DADE CITY — Pasco got another dollop of bad budget news Wednesday when commissioners heard details about new state Medicaid legislation that was recently signed into law.
The upshot: The county likely must pay an extra $3.5 million next year to resolve hospital bills that county officials have argued for years that they didn't owe.
That's on top of a $5.3 million shortfall because of falling property values and potentially higher fuel, insurance and pension costs.
Counties are required to reimburse the state for a portion of hospital bills for Medicaid patients. The new legislation was spurred by $325 million in past-due bills that counties argued are flawed. The law would not only force counties to pay those old bills but would also charge them up front for future bills.
Many of the disputes arise over residency. For example, a Hernando County resident is treated at a Pasco hospital and Pasco gets the bill.
"Someone who is receiving treatment is shown to be a Pasco County resident, and we say, 'Oh no they're not,' " said County Attorney Jeff Steinsnyder.
Officials estimate spending $6.4 million in hospital bills in next year's budget, compared to the $2.9 million included in the current budget.
Next year's figure includes a third of the county's estimated $4.3 million in old bills. The remainder of the old bills would be paid over five years. The state will also withhold roughly a quarter of Pasco's half-cent sales tax revenue to cover current and future bills.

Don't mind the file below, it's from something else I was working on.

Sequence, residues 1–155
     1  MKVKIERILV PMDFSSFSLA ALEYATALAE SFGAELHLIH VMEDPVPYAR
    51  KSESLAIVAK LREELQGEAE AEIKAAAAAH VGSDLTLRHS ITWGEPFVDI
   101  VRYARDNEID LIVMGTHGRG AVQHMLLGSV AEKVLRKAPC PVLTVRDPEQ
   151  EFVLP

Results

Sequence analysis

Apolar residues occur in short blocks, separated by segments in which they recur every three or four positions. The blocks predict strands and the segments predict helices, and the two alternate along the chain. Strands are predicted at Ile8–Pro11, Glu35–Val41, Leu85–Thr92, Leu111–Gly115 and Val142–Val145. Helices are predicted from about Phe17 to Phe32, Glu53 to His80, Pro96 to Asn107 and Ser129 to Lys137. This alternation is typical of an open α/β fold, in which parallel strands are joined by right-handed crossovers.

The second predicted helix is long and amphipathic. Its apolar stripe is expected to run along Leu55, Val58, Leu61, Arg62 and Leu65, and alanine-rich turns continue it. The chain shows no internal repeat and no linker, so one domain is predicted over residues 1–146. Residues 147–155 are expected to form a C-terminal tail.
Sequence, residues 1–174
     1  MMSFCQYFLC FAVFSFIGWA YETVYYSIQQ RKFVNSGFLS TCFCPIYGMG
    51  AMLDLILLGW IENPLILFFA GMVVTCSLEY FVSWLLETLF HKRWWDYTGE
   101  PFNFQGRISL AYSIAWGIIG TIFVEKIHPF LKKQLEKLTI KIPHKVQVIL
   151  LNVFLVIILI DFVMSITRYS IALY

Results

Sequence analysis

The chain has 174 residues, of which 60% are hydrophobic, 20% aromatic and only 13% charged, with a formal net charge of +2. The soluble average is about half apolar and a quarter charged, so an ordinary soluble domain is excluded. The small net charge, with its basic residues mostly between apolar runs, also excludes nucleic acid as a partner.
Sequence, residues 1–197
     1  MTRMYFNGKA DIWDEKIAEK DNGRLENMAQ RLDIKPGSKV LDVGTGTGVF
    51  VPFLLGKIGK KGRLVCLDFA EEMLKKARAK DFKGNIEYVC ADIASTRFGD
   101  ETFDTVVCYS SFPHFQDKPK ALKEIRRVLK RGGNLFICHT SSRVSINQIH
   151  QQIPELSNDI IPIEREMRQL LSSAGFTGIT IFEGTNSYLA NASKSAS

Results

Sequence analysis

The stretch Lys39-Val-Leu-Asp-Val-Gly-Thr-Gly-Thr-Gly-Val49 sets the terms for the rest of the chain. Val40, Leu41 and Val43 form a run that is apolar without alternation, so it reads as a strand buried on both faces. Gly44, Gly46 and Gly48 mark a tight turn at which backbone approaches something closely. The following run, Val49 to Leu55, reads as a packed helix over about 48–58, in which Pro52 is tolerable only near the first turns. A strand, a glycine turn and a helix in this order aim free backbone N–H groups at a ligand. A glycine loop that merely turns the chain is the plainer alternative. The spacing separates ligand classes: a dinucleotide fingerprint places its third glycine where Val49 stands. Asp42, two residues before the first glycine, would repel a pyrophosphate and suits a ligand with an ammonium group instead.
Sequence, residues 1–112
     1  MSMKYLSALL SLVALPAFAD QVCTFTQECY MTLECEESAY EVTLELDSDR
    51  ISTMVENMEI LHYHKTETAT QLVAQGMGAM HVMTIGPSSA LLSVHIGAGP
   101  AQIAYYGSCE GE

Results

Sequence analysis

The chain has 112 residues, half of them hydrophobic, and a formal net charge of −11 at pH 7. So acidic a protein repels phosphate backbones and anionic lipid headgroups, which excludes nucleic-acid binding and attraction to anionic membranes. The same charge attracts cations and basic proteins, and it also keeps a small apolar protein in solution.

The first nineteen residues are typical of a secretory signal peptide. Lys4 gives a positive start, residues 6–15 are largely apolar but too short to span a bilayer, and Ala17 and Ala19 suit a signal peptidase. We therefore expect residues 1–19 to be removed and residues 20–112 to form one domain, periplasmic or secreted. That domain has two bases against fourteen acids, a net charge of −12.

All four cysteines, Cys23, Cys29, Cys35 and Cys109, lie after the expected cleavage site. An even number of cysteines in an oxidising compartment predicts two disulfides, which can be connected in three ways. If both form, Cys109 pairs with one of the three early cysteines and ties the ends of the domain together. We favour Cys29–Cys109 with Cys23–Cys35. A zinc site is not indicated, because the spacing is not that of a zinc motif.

Counties argue many of the residency errors and duplicate bills began when the state rolled out a new electronic billing system in 2008.
"It's a broken system," Steinsnyder said. "And the Legislature said, 'It's the best we have, and it's not coming out of our pocket. It's coming out of the pockets of the 67 counties.' "
Based on his talks with the Florida Association of Counties, Steinsnyder said he expects the group to file a lawsuit challenging the law. One claim would be that the law is an "unfunded mandate" that didn't get a required super majority of votes in the Legislature.
Commissioners voted 3-0 (two commissioners were absent) on Wednesday to join any lawsuit that is filed. "I think it's something we need to fight," said Commissioner Jack Mariano.
Pasco's estimated increase in hospital payments next year would translate to an extra $8 in property taxes for the owner of a $100,000 home with standard exemptions.
When Gov. Rick Scott signed the bill late last month, he promised to send a representative from the Agency for Health Care Administration to each county to discuss past bills and how the changes would be implemented.
Assistant budget director Mike Howard said the agency has scheduled meetings with 10 counties but has not set a date with Pasco. Meantime, several deadlines on the new law are approaching over the next few months.
"There is a sense of urgency here," he said. "This is coming rapidly."
Lee Logan can be reached at firstname.lastname@example.org or (727) 869-6236.